Wyoming Lion Hunt

RICMIC

Veteran member
Feb 21, 2012
1,769
1,380
Two Harbors, Minnesota
I just returned home from a longer than expected Wyoming lion hunt. The current lockdown has cancelled our annual snowmobile trip to Idaho, there's little snow to ride on here in MN, and I didn't draw a late season cow elk tag. So, I called my friend in WY and lined up a lion hunt, starting on Jan. 18th. 1,500 miles later I was starting a fire in the bunkhouse and prepping for the next morning. Clint and I headed out by first light with his hounds Nacho & Rheana. The veteran dog Diablo was being left behind as he is 9 years old and has been ailing lately. Unfortunately, Diablo died the next day, but he did a remarkable job training his niece and nephew to take his place.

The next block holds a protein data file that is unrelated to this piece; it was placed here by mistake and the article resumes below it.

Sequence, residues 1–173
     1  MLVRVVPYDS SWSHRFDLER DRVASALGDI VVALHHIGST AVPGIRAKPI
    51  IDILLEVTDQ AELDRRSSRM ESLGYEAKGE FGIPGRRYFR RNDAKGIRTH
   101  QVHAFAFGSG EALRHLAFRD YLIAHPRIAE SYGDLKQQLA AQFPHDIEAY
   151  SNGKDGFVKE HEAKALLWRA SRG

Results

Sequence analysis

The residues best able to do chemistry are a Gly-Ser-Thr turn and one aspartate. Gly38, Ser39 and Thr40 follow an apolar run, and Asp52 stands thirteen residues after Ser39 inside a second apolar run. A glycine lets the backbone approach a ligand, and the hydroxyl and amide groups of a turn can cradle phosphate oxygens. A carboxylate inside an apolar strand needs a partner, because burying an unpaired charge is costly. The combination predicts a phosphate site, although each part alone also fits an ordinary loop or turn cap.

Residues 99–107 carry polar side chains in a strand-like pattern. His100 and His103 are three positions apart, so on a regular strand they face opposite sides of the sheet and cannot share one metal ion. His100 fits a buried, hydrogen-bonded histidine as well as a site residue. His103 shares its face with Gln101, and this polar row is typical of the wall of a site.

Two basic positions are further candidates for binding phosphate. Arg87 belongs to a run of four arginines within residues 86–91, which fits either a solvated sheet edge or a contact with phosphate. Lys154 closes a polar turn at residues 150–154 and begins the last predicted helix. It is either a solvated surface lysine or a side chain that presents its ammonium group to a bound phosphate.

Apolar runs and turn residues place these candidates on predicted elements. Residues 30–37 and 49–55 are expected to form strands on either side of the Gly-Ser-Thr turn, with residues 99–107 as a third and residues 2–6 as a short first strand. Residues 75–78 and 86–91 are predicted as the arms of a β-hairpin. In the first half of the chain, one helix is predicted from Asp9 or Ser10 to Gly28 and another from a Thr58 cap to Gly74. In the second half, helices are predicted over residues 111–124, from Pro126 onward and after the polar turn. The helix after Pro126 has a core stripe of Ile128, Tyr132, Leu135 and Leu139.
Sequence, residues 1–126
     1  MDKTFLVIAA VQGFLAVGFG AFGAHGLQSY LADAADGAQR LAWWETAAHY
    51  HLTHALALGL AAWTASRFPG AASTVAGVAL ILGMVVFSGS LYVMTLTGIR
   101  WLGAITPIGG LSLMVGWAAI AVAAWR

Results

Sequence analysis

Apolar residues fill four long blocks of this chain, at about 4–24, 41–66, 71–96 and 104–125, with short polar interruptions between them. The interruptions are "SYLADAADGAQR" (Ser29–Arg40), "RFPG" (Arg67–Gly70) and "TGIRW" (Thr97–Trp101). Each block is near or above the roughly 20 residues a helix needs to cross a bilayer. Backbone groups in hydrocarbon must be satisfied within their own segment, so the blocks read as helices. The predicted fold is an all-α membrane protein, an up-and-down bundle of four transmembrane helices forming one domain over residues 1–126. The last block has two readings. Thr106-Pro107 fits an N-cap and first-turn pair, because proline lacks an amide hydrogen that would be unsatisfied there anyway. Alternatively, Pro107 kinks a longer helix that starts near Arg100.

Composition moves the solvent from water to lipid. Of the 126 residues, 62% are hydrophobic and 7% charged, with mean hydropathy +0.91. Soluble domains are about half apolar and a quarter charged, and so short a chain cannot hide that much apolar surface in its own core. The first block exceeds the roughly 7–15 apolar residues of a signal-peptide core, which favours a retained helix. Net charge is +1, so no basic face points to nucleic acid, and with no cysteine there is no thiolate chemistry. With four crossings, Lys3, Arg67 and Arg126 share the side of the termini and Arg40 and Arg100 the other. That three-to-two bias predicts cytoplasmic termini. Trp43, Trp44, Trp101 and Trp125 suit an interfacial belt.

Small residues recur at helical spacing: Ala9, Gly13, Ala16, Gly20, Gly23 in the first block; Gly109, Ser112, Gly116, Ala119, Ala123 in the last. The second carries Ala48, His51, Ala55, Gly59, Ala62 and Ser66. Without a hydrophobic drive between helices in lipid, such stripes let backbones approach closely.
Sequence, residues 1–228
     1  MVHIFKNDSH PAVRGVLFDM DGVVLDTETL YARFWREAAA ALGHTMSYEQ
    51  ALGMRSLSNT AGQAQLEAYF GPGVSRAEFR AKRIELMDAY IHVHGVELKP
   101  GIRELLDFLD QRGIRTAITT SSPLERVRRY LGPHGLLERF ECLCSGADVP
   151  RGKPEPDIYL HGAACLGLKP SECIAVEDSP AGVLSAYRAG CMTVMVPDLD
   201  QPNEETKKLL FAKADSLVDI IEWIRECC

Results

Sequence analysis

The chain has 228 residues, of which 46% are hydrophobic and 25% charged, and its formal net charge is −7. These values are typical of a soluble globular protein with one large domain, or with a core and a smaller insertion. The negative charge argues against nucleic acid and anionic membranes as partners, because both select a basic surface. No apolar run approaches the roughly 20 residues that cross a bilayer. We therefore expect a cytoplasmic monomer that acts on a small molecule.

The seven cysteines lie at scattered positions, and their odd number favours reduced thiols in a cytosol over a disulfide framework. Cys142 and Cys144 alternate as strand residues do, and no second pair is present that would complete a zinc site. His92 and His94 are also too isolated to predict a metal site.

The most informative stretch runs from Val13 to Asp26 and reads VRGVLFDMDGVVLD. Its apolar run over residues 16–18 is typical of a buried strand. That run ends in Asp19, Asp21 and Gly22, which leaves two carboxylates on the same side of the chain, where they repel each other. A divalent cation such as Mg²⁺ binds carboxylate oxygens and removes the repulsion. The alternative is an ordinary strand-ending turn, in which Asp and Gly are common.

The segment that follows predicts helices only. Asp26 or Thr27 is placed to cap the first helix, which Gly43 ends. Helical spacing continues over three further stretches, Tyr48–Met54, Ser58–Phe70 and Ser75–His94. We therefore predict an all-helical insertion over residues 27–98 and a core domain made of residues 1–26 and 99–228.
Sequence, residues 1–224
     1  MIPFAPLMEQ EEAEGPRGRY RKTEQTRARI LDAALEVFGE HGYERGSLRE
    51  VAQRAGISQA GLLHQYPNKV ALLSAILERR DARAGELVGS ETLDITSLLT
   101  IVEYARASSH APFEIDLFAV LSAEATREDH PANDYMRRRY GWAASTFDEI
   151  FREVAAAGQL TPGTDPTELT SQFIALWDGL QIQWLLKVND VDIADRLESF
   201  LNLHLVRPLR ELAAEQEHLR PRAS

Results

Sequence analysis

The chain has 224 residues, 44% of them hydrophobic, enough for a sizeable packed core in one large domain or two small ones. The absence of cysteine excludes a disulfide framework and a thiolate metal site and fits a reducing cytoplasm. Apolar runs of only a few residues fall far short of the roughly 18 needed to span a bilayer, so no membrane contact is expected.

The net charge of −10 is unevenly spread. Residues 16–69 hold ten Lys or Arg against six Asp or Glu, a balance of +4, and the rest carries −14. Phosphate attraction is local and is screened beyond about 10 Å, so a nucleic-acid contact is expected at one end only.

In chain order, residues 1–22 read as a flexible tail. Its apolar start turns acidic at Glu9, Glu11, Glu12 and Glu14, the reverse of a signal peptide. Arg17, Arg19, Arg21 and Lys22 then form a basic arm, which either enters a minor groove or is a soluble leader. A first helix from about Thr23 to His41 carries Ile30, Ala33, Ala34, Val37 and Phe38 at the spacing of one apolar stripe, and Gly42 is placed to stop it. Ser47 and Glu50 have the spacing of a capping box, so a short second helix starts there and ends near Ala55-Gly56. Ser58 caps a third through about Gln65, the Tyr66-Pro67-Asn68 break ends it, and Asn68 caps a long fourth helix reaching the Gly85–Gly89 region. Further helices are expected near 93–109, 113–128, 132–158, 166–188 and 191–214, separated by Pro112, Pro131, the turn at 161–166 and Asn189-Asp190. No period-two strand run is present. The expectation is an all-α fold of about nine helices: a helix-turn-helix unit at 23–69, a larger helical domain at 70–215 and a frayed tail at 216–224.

I was able to combine two of my passions, hunting and snowmobiling. We drove several miles to a neighboring ranch, and headed up a two-track into the access to BLM lands. 32 miles, gave me a chance to practice my dismounts, cursing, clearing fogged glasses, etc. There hasn't been fresh snow for a couple weeks, so it was hard to discern fresh tracks. The dogs were released on a couple sets, but they were unable to follow them for long. We were back out by dark and planned for a very early start the next day. 4:30 am brought us to some backroads, and we traveled slowly looking for tracks until it was light with nothing to set the dogs on. Clint got a call from a young friend who had seen some fresh lion tracks while snowshoeing the day before, and we met him at the canyon trailhead at 8:00am. Jackson turned out to be an enthusiastic 19 year old with more energy than was good for me. Clint is 34, and I'm a 68 year old flatlander, so you could say that I was definitely the one "sucking the hind tit". If I had planned for this trip earlier, then I would have worked my cardio more in preparation, but at least I was still in decent enough shape that I wouldn't die on the mountain. We hiked in a half mile or so before releasing the dogs on the big track that Jackson had found. They were on the scent and barked their way up a very steep, rocky, mountain (I would guess that it topped out about 1,500' to 2K' above us.) Clint tracked the dogs on his GPS as we followed them along down below. We came to a side canyon and worked our way up to a spot where Clint had me wait while he and Jackson went up, up, up. It was 8 degrees and windy, so I had put on my down vest just before I got a call on the radio to head up. An hour or so later I was still 200 yards from the top, sucking wind, sliding back down as much as going up, climbing on a crumbling rockface with a 30' sheer drop below, glasses in a pocket because of fogging, …...perfect. Finally, I was only 40 yards below the dogs where that had a young lion treed. Clint told me that is was only a small one, that we wouldn't shoot, but before I got any higher it jumped from the tree. The dogs were leashed and the long slide down the mountain followed. It turned out that the dogs had started on a big tom track, but on top had come across fresher tracks of a female with two yearling kits. They had run themselves ragged while the lion family played tag team with them.